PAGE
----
Blue Jays’ Daniel Norris: Dead Arm


The 2015 Toronto Blue Jays need their starting rotation to lead them through this season. More importantly, they need their starters healthy. This may be a bit of an issue with their 21 year old lefty. Daniel Norris had a bit of a rough start on Sunday when his Blue Jays faced the Atlanta Braves. He struggled with his command in a very short outing. His line was rather ugly. He lasted just 2.2 innings, giving up 6 hits, 2 walks and a strike out for 5 runs (4 earned).

While watching the game, it may have been clear that something was not right. Well, according to TSN’s Scott MacArthur, we may have our answer.

Apparently, this has been bothering him since the series in Montreal. Now, watching his performance, one could see that there was something lacking. But, dead arm? If you’re unfamilair with this often used term for pitchers “issues”, Norris offers an explanation.

Having dead arm may impact a pitchers ability to get the most out of their pitches. And, with the life that Norris can get on his fastball, this obviously is a concern. Now, Norris says that he has experienced this before and based on where he is right now, feels that he could be about to get over it. This would be great news for Blue Jays fans. Right now, it would appear that the starting rotation cannot handle any kind of significant loss. Already, the rotation is not looking very solid failing to go deep into games. This has put a strain on the bullpen and resulted in Jeff Francis taking the spot of Colt Hynes to provide a fresh arm that can chip in more innings. 

Toronto Blue Jays
Toronto Blue Jays /

Toronto Blue Jays

The “dead arm” phenomenon is quite a common one with the Cubs’ Jon Lester experiencing the same this spring. It happens quite often. And, in many cases it is not cause for concern. Norris himself seems to brush it off. And, while we have no reason to panic, there is some interesting thought about dead arm. Mike Sielski wrote for the Wall Street Journal back in 2011 about the “Dastardly ‘Dead Arm Syndrome”. His piece uses examples of pitchers suffering through dead arm, including former Yankees Phil Hughes and Jim Abbott. He quoted Dr Michael Hausman, then vice-chairman of orthopedics at Mount Sinai Hospital, as saying that the term “dead arm” has become a catch all phrase for a fairly unexplained issue with pitchers as well as position players.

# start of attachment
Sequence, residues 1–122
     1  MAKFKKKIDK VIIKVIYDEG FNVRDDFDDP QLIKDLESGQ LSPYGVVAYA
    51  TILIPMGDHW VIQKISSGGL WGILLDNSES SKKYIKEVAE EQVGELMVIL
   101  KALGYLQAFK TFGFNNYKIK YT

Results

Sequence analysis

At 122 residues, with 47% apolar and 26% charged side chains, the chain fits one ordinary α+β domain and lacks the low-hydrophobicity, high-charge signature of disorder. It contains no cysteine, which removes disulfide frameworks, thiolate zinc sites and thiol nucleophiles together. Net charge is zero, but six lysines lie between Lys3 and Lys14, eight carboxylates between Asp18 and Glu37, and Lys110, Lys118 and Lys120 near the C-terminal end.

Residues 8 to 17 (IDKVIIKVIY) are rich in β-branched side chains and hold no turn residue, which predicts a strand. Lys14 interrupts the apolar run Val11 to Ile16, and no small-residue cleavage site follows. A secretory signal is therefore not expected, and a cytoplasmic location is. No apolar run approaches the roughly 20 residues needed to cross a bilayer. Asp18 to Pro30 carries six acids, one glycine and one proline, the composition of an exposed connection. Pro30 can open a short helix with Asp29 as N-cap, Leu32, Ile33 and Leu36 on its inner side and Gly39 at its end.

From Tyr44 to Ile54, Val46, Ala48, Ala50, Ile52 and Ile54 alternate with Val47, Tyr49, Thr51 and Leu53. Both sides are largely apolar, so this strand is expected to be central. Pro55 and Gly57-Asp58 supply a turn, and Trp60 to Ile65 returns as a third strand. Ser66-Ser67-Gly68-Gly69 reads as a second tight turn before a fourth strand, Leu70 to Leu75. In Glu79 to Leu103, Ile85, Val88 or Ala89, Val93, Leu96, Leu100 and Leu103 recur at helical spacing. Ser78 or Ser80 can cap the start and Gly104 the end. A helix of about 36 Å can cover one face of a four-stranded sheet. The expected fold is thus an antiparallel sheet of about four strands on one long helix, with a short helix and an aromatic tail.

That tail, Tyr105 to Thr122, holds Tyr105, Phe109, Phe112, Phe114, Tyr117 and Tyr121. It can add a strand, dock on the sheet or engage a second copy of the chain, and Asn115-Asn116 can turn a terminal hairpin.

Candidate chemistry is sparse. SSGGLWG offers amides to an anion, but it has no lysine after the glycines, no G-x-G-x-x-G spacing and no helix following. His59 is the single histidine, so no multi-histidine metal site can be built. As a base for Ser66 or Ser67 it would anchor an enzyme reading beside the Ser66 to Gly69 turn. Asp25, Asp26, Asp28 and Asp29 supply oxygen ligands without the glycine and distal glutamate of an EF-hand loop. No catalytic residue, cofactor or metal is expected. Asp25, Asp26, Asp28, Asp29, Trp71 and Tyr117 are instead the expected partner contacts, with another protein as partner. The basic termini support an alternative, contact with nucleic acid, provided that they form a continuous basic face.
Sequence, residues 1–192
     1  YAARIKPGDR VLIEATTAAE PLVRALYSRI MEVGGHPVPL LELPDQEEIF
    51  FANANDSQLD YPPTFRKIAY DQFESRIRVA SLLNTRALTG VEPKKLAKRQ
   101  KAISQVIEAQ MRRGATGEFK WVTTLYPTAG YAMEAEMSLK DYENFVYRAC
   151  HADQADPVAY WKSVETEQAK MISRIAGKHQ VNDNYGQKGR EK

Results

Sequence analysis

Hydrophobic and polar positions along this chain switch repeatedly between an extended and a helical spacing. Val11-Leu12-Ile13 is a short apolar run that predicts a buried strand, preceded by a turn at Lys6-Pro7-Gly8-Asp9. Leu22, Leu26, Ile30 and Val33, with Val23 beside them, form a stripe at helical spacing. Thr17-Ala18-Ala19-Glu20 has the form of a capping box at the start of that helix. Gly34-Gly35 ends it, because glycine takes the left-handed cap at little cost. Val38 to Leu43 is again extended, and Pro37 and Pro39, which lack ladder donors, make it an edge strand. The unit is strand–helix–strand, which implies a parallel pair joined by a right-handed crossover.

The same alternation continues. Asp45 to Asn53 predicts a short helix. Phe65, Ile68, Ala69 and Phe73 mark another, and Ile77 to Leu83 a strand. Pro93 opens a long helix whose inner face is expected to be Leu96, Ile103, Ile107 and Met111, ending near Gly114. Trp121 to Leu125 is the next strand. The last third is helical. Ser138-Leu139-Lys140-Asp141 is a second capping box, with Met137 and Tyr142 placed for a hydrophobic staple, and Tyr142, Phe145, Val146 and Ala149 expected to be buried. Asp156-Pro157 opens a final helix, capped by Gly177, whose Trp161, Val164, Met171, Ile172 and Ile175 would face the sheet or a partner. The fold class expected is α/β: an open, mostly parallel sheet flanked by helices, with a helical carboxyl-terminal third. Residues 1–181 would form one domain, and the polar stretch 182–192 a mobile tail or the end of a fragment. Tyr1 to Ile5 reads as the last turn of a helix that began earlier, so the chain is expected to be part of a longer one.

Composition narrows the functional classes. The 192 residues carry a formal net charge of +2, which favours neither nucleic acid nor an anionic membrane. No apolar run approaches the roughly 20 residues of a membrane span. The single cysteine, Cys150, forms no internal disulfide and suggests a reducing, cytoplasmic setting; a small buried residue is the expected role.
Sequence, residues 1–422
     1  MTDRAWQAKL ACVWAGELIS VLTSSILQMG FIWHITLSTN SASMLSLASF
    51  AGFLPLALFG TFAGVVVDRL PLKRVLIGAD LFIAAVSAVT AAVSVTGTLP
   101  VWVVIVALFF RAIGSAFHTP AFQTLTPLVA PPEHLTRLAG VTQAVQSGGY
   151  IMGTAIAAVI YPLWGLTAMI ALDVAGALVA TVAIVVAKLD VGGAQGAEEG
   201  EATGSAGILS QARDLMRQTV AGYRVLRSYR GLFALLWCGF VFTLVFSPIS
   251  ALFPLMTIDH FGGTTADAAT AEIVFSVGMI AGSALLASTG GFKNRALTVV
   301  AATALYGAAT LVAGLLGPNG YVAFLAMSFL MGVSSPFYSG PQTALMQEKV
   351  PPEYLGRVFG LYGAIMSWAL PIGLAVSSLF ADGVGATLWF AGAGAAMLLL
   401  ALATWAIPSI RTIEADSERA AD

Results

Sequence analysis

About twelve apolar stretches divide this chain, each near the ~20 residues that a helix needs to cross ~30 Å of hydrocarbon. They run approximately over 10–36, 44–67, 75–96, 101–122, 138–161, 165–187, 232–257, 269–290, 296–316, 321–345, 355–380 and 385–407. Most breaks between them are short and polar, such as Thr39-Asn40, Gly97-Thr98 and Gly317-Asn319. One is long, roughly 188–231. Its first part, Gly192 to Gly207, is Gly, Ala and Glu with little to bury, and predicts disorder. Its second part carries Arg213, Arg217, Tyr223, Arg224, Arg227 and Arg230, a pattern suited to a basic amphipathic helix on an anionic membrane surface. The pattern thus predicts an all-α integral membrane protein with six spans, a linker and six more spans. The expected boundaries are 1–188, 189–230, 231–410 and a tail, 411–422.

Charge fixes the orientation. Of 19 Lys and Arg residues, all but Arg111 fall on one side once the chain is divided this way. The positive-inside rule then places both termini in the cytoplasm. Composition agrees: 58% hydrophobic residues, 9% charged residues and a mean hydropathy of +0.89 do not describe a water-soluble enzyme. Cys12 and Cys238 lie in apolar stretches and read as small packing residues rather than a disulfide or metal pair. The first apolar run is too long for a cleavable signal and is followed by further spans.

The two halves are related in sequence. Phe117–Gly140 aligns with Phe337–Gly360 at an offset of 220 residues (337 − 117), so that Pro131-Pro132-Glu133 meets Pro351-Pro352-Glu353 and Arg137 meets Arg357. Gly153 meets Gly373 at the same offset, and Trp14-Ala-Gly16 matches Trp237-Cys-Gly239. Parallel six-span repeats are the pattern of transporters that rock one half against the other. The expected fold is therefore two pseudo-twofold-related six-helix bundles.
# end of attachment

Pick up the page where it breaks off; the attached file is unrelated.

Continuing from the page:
“Usually, Hausman said, a pitcher who has a “dead arm” has a slight injury to his labrum, the rim of cartilage that keeps the shoulder’s ball-and-socket joint stable. The injury and the shoulder’s resulting instability might be so subtle that the pitcher wouldn’t sense any pain at all.”

Now, this is not to suggest that there is a more serious injury to Daniel Norris. If he has experienced this before, chances are he’ll be just fine. If it is indeed a period of lifelessness, Blue Jays fans will hope that it ends very quickly. If the Blue Jays follow their rotation schedule and do not alter it, Norris would get the start against Tampa Bay on Saturday. Perhaps the rest will help. If the Blue Jays are going to compete this season, they’ll need the best out of their young arms.

Next: Jays Journal Podcast: Episode 15